The use of public domain subsurface data in the spotlightData about to be obtained from a borehole in the east of the Netherlands. Photo: Henk Kombrink

The use of public domain subsurface data in the spotlight

A consortium of Dutch companies launched a petition to support an open-source well database last week. It doesn’t happen often that companies initiate a debate this way.

dGB Earth Sciences and PanTerra Geoconsultants initiated the petition for members of the geoscience community to sign and thereby support the creation of a Digital Well Database, in alignment with the Open Group OSDU Forum data platform.

Nothing wrong with this, of course.

However, it caused some tension because TNO – Geological Survey of the Netherlands –maintains a public domain database for all boreholes drilled in the on- and offshore through the NLOG portal. This is not a voluntary task; it is done through governmental mandate.

Why would dGB Earth Sciences and PanTerra Geoconsultants launch an initiative to create a new well database?

This is why we got in touch with Paul de Groot, co-founder of dGB Earth Sciences and one of the initiators of the petition to hear about the background to the initiative and what they are aiming for. We also spoke to Ilja de Winter, account manager E&P subsurface data at TNO.

Paul de Groot: “We are very well aware of the fact that TNO have a mandate to supply well data to the public and they have done this well for a long time. We also realise that the Netherlands as a country has had a pioneer role in this, given that well data have been in the public domain for many years, whilst in other countries such as the UK, data was much harder to get hold of.”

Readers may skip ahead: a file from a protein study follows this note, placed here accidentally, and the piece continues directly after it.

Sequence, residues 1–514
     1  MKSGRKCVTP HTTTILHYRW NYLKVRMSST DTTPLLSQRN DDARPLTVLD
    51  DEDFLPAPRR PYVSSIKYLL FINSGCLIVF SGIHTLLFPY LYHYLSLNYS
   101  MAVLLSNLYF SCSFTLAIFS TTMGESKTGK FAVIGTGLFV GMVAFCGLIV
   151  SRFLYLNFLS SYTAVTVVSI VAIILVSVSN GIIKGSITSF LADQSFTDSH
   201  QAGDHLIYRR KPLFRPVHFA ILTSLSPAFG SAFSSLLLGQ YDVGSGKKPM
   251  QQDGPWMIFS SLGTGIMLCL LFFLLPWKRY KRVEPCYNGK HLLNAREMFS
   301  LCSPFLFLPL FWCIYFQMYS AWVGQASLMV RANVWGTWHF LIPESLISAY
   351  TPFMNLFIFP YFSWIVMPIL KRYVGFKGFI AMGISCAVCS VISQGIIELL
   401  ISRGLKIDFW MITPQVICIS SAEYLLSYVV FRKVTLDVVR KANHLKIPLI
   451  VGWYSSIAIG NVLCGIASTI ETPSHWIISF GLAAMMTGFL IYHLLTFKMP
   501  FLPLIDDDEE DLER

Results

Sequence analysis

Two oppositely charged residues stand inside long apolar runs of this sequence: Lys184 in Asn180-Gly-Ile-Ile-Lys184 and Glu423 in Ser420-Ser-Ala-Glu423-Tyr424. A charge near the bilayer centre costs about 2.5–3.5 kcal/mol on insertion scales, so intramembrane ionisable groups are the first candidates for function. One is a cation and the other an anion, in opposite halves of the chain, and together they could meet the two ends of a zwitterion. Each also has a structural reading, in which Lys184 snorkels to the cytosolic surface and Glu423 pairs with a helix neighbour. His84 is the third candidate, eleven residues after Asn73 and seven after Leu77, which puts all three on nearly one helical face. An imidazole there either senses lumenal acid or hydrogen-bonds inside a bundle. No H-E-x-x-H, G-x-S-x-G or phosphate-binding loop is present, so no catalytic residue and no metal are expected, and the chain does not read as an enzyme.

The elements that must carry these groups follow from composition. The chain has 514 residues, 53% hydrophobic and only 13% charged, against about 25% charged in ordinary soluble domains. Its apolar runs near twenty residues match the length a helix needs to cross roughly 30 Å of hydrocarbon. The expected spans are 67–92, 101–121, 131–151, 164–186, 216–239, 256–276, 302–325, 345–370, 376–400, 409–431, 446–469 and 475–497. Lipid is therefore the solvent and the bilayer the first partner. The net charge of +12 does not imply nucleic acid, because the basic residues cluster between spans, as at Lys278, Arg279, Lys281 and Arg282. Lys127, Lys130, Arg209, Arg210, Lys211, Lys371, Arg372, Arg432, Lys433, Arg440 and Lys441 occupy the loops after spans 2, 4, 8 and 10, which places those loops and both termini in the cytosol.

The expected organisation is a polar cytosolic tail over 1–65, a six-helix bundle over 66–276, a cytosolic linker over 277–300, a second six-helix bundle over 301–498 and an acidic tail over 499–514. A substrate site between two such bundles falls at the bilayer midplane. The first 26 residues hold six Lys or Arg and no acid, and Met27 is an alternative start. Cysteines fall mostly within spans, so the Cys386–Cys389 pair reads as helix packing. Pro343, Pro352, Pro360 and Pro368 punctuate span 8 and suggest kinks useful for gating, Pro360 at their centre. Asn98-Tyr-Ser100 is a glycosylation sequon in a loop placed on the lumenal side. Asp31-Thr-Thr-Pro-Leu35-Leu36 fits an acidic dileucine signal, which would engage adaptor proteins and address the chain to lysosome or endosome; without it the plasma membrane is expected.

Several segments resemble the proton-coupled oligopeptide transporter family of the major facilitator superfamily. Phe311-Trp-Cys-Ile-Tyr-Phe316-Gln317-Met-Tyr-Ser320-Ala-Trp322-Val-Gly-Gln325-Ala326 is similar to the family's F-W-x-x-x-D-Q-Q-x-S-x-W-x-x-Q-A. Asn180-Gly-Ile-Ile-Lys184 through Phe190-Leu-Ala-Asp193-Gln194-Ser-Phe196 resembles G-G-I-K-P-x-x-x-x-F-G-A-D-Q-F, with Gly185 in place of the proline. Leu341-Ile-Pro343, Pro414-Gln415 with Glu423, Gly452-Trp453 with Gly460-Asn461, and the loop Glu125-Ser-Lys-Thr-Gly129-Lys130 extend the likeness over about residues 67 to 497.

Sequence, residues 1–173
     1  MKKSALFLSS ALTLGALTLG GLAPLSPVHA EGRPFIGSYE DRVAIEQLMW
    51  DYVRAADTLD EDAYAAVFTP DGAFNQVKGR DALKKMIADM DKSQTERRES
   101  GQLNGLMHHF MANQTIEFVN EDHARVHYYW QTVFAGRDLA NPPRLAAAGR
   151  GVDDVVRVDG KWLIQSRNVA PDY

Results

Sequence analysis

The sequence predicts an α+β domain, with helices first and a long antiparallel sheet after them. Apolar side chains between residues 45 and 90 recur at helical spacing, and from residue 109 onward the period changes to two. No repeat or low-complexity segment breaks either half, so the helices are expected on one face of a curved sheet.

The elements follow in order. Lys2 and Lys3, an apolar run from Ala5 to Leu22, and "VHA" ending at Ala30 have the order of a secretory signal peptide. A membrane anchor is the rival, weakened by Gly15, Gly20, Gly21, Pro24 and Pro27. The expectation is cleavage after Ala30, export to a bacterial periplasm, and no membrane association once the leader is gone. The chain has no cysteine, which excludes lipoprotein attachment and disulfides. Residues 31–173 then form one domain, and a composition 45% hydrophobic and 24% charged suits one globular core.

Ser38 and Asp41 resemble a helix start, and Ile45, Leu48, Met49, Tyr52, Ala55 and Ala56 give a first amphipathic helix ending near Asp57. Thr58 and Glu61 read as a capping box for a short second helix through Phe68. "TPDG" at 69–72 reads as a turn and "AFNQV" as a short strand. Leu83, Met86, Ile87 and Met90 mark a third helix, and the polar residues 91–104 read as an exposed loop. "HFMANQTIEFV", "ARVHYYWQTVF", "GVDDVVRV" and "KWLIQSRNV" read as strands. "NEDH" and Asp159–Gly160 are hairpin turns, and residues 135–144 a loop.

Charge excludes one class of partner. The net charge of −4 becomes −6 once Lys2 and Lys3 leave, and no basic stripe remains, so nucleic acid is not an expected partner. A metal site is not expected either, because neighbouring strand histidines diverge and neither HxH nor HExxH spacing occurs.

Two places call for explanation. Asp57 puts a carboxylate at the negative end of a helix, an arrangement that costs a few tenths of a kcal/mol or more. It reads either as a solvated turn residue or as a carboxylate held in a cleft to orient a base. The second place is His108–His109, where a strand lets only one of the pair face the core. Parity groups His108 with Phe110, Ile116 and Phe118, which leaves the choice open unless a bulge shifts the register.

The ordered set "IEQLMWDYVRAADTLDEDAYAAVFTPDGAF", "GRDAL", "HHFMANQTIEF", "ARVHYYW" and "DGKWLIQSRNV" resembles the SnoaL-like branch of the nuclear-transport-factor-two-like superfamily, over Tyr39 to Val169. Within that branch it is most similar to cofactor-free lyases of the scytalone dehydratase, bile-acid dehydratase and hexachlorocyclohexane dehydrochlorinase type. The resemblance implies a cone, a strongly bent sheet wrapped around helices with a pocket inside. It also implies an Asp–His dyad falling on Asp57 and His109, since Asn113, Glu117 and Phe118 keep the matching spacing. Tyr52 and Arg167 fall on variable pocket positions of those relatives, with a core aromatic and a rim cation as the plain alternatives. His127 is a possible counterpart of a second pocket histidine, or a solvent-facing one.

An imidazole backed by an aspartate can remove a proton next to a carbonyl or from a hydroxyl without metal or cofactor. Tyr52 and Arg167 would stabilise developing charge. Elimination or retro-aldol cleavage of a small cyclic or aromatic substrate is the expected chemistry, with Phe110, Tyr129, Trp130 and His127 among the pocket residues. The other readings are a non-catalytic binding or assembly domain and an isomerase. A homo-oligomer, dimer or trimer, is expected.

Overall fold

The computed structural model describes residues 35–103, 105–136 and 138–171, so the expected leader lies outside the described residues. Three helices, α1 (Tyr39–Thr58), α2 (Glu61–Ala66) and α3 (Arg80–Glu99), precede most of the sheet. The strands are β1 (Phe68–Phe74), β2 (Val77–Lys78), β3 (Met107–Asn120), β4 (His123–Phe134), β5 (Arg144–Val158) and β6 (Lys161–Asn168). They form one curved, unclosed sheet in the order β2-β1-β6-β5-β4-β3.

“However, with recent developments in the areas of standardised open-source data formats and machine learning capabilities in mind, there is the awareness that the well data currently available through NLOG doesn’t lend itself for these kinds of exercises. Data still needs to be downloaded manually and per well, which simply takes up too much time for the things that can be done nowadays,” adds Paul.

“For that reason, we would like to help catalyse the transition towards a database that can be utilised with present-day processing capabilities to ultimately get more out of this wealth of data and support the energy transition,” he says.

Finally, Paul reiterates that their consortium is not up for reinventing the wheel. Yet, he sees the initiative to launch this petition first and foremost as a way to accelerate the process towards something that he sees as the future of subsurface data analysis, a process he thinks their consortium can play a role in, in collaboration with TNO.

Ilja de Winter is the account manager E&P subsurface data at TNO – Geological Survey of the Netherlands, and in this role, he oversees developments with regards to the NLOG data platform that hosts most of the public domain subsurface data.

“Let me stress that there are elements in the way we host/present the data that can be improved, there is no doubt about that. We are open to discussing alternative models with our stakeholders. In a way, launching an idea such as the petition is a positive thing because it may form an incentive for the government and industry stakeholders to increase funding in order to accelerate developments.”

Ilja adds: “What is important to realise is that in recent years a significant effort has been directed towards developing the National Key Registry of the Subsurface, in which certain types of mining data will also be hosted. In addition, there are other demands from organisations we need to consider as well. As an example, we have now implemented a new system for operators to provide their production data because issues were flagged on the way it was done before.”

The best way to move things forward is to talk to one another, and that is what is now on the agenda. Ilja concludes: “We have now scheduled a meeting with representatives from dGB and PanTerra Geoconsultants to discuss possibilities and ambitions. It allows us to better explain the initiatives currently ongoing and see how we can work together to achieve a better service.”

HENK KOMBRINK

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